The Key to Finding your Ancestors in the Collections of Today Things have certainly changed since the days of searching through dusty libraries and reading unindexed books and microfilm! But with the launching of the internet and establishing genealogical records thereon, the task has just begun! What with burned county records all over America and
immigration records yet to be translated and published, there is so much more to be discovered. While searching my ancestors in the field, I discovered that county clerks frequently took those big ledger books home with them to work on. Sometimes, a person produced a ledger to the court house found stored in the attic. (I request the Mormon church to visit the person and microfilm it). This explains how ledger books find their way to
antique s. There are shops. There are other avenues of discovery, viz: church records. One has to visit the neighborhood where families resided, old churches and graveyards to ascertain what survived and who has possession of the old baptisms, marriages and mortuary records. State Archives also receive church records from donors and place them on microfilm. But one needs to search for it in the floor catalog.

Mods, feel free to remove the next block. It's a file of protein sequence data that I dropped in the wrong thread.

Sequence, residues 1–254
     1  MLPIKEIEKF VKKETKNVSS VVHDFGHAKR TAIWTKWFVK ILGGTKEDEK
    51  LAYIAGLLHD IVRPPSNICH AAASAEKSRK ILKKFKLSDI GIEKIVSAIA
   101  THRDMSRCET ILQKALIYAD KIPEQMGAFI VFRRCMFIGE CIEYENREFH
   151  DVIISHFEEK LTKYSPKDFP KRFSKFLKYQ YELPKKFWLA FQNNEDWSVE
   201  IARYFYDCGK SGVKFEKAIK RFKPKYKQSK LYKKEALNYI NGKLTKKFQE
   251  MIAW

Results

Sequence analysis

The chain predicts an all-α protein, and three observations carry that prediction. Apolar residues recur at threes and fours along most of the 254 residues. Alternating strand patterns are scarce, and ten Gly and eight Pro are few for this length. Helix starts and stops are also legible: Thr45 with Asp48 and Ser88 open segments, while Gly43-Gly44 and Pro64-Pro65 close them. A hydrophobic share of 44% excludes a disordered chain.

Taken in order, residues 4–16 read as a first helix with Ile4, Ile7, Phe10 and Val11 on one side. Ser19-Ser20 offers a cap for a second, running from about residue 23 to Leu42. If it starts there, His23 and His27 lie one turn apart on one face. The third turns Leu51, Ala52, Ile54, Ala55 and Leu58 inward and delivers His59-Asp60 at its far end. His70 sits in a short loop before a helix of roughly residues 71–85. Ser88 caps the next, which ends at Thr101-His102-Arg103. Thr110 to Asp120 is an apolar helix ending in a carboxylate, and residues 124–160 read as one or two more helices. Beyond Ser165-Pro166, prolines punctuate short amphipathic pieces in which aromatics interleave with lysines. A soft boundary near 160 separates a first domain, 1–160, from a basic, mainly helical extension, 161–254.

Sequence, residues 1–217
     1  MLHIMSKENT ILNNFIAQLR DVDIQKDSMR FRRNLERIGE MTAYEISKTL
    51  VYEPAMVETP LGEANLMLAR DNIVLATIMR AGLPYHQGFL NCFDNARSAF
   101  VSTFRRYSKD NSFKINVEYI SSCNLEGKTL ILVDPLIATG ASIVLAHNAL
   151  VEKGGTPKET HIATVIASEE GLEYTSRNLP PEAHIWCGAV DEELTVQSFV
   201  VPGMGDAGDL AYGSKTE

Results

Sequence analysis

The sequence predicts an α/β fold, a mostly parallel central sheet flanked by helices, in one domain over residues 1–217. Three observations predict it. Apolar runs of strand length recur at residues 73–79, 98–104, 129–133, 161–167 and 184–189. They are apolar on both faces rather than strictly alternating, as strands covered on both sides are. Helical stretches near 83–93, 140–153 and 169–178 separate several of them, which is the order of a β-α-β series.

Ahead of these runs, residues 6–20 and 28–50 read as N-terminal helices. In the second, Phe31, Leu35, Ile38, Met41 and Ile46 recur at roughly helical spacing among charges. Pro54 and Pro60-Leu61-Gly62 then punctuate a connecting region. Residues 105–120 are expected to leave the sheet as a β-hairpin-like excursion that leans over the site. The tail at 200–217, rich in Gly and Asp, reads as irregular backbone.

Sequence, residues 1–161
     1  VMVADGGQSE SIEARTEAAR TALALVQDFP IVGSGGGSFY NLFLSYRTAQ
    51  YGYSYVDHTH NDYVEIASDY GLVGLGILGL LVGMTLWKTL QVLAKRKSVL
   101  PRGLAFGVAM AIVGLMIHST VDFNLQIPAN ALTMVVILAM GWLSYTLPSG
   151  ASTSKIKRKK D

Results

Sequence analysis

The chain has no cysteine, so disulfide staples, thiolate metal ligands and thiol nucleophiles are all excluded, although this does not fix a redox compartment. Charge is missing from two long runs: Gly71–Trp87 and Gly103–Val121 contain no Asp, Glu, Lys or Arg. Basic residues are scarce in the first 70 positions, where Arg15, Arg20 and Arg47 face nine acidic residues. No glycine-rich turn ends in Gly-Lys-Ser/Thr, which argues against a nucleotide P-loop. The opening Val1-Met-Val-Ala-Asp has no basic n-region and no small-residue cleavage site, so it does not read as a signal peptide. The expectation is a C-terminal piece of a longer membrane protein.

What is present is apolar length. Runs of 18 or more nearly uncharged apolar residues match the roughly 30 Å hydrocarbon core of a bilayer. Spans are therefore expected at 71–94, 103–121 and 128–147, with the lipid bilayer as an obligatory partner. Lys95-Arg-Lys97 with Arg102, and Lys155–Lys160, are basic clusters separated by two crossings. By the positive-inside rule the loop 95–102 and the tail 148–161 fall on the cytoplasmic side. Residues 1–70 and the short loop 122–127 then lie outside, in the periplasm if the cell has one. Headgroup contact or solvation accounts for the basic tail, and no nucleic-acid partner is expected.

During the 1930s the DAR collected old bible records and donated their books
to the Archives. Regional
libraries contain their own special collections.
Meanwhile, internet collections also vary. Essentially,
Ancestry has digitized those records available at the National Archives; which
includes census, revolutionary war and immigration records. You can also visit
the National Archives online and have access to their digitized records available
to the public. No matter whose
collection one researches, there remains more information to be discovered. It
behooves one to join
more than one genealogy website. Especially if those websites continue to
add more information. After all, there remains a great deal to be added